The other night when the thunderstorm came and the lightning-bolts crashed overhead and made me a little frightened, and I took the box of kohlrabi, kale, bok choy, cauliflower, broccoli, and heirloom tomato seedlings out to the freshly turned raised beds and planted each one secure, the rain at first cold and uncomfortable but soon as natural-feeling on my skin as a cool shower, my yoga pants stretching soggily longer and longer, my glasses fogging under Tim's baseball cap, mud under my feet and all the froggies in the neighborhood peeping joy, I almost started to write to you about it.
The past few days, I almost began to write to you about how when Cedar has a cold, he naps so very often, and before each nap I nurse him to sleep and see that he is so comforted and so safe and I feel his body grow heavy and soft like the most delicious thing I will ever hold. I thought about how fast he is growing up and I watch people's reactions to him as they relive their own children's extinct childhoods and I am so thankful I have not yet passed through his.
When we walked down the canal path yesterday, slowly, with Cedar bumping along gently in his stroller, and watched the turtles duck into the moss, the herons flap shyly away, the kingfisher perch bluely and chatter irritatedly at us, smelt the honeysuckle and heard the wingbeats of the bald eagle we almost didn't see sitting in the dead tree as he flew right overhead, my arm rising to point as my voice stuttered Tim-tim-tim!, I almost wrote about it to you. About how we ended up at the farm, a little sun-kissed and pretty thirsty, where I bought herb seedlings, purple salvia and coral lantana and thought about my grandmother growing up on her farm and how I was happy that Cedar was growing up in the country.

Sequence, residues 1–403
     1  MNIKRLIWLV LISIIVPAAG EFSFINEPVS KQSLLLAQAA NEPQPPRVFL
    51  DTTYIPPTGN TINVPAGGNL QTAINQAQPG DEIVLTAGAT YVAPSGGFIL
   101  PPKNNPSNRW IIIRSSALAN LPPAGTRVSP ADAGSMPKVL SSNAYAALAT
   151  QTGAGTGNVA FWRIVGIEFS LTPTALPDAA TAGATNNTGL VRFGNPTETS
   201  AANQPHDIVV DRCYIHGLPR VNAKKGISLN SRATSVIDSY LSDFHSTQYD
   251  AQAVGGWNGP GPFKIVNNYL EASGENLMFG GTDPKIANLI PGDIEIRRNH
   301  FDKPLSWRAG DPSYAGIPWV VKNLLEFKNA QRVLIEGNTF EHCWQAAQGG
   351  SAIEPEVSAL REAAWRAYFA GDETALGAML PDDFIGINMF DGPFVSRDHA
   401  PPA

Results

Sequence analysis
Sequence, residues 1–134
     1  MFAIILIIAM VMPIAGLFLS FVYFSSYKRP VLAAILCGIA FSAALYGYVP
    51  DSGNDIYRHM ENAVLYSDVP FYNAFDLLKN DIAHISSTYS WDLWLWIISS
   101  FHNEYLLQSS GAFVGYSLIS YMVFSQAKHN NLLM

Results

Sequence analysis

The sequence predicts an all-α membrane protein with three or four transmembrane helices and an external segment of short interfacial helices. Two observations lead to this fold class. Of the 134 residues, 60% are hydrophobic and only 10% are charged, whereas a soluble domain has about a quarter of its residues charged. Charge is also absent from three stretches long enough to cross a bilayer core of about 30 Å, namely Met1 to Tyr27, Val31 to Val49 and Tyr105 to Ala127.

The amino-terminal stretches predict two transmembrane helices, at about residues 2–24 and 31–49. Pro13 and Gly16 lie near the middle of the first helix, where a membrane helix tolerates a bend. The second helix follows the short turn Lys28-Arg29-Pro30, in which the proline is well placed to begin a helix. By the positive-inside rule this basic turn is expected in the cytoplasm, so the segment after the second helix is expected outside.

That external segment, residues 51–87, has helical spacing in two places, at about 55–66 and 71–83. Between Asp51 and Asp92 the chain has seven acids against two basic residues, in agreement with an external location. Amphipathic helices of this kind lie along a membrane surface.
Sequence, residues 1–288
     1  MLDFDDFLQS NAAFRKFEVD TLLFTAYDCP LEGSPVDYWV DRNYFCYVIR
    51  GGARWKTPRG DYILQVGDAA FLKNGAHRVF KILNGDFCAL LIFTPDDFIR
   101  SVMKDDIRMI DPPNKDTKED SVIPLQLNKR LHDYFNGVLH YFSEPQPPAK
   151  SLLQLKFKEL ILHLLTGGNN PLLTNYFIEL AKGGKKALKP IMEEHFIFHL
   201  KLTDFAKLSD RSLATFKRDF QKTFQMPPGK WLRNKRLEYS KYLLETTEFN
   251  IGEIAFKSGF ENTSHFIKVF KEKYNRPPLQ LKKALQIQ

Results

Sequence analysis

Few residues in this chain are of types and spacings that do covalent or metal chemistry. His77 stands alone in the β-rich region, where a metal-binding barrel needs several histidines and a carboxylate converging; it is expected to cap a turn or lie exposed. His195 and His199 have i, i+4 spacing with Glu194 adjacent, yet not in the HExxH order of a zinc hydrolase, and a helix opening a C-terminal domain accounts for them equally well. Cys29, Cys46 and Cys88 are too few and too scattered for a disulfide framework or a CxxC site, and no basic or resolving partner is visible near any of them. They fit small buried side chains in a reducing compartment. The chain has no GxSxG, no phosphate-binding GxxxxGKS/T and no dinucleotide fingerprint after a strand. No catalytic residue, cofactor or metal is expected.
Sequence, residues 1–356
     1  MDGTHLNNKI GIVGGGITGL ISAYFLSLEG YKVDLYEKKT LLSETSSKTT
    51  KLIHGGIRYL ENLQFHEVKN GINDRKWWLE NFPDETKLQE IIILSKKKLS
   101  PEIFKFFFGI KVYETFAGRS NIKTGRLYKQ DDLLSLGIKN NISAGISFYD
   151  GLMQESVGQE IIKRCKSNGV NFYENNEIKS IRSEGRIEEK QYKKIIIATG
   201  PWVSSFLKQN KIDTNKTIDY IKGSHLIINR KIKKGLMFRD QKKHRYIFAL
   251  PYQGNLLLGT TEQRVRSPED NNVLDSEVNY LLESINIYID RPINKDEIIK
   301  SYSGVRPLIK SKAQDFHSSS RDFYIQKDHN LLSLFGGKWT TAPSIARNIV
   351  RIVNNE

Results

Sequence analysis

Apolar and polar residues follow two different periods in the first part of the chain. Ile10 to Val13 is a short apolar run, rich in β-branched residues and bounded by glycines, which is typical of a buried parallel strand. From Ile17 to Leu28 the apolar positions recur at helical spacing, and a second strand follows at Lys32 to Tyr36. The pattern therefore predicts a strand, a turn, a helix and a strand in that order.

When I looked out the window and saw the red-bellied woodpecker holding his own against the five blue jays while the downies and the flicker waited in the tree for their turn at the feeder filled with homemade suet smelling so good I could almost eat it myself, made from months of Tim's saved bacon grease and peanut butter and which hardly lasts a day or two, I wanted to tell you about it. About how the blue jays fly in with superhero capes and bold spirits to gulp beakfuls with a flourish while the downies creep up the back of the trunk to gorge unseen.
Last week I almost began writing to you when we took Cedar to the prothonotary to apply for his passport for our July trip to the Ontario cabin, and he first had to get his picture taken at CVS and cried for the first three pictures until another customer held up a stuffed ladybug and sang a bit and we got a little grin above super pudgy cheeks for the picture he will have in his passport for the next five years.
When I saw Tim sitting on the porch surrounded by the flotsam of our busy days and not doing anything but quietly watching the front yard and all the subtle happenings that occur there, and I was filled with admiration, I wanted to write to you about it.
But I didn't write to you about any of these things. There wasn't time. Then.